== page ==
Gas Prices Edge Slightly Higher as 2023 Approaches — What Can You Expect to Pay Next Year?
After a long and steady decline that began over the summer, gasoline prices in the United States have begun to tick slightly higher this week — a possible foreboding of higher prices to come in 2023.
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The national average for gas stood at $3.159 a gallon as of Dec. 29, 2022, according to AAA. That’s up from $3.133 the previous day and $3.101 a week earlier, at least temporarily reversing a months-long trend that has seen prices at the pump fall by nearly 40% since hitting a record high of $5.016 in June.
Gas prices are still well down from $3.521 a month ago and $3.283 a year ago, and 26 states now have average gas prices below $3 a gallon, USA Today reported. But there’s reason to believe prices will shoot much higher in coming months.
As previously reported by GOBankingRates, GasBuddy analyst Patrick De Haan forecasts that the national average could move above $4 a gallon as soon as May. The reason is twofold: Americans will begin hitting the road for the summer travel season in May, and refineries will switch over to more eco-friendly but costlier summer-grade gasoline.
The last time gas prices were above $4 a gallon was on Aug. 10, 2022. GasBuddy projects that the daily national average will peak at $4.25 a gallon in August 2023 before dipping back toward $3 a gallon by the end of the year.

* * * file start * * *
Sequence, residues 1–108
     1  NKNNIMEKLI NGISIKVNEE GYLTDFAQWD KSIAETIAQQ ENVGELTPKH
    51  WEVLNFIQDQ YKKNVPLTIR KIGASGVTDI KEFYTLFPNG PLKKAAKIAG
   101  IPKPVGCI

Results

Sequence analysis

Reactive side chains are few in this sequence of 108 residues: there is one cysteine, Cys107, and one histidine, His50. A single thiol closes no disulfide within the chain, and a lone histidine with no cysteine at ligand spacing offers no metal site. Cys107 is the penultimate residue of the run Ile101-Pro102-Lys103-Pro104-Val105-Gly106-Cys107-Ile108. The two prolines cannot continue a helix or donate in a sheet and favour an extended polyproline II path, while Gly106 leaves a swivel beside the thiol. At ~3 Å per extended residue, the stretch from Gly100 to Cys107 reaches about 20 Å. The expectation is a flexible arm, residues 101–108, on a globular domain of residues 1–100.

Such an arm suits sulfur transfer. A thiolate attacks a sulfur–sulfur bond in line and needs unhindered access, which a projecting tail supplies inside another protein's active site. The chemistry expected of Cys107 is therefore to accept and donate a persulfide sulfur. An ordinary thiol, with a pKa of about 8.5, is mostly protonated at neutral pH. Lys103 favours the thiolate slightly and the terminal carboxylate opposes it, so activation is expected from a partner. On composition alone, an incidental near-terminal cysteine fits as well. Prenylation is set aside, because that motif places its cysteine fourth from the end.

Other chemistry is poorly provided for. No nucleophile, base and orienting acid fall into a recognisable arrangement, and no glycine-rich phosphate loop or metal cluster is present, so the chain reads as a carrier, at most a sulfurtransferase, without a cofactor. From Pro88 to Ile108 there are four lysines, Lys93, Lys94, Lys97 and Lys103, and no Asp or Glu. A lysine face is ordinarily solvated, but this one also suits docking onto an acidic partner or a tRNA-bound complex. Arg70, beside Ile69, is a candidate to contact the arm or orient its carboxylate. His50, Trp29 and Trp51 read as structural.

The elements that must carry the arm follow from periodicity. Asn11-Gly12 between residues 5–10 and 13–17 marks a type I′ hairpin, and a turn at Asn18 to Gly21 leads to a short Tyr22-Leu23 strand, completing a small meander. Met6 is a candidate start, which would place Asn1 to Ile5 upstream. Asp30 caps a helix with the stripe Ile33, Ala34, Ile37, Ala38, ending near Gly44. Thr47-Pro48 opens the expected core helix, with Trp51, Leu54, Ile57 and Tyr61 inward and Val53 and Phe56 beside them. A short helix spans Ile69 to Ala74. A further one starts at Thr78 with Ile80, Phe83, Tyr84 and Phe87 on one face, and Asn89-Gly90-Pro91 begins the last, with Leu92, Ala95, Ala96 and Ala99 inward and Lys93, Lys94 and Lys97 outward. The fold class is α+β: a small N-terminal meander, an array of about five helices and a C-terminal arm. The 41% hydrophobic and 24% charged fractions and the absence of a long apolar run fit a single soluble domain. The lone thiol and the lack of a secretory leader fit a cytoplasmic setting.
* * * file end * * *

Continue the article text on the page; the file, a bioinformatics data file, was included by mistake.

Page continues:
However, the new year should bring primarily good news for motorists. According to the U.S. Energy Information Administration’s latest analysis, the average price for a gallon of regular gasoline will be $3.51 in 2023 vs. $3.99 in 2022. GasBuddy estimates that U.S. families will likely spend an average of $277 less on fuel in 2023 than they did in 2022.
But a lot depends on macro events that can quickly move the price of fuel higher. That was the case in 2022 when Russia’s invasion of Ukraine led to sanctions on Russian crude oil that caused gas prices to spike.
Although experts expect things to be calmer in 2023, there are no guarantees.
“What we saw in 2022 was simply madness at the nation’s fuel pumps, with records being set seemingly left and right as COVID imbalances persisted and Russia invaded Ukraine,” De Haan said in the GasBuddy forecast. “While it’s highly improbable that lightning strikes the same spot twice, the storm clouds over oil and refined markets may persist, and there still could be some spikes as the market remains somewhat tight.”
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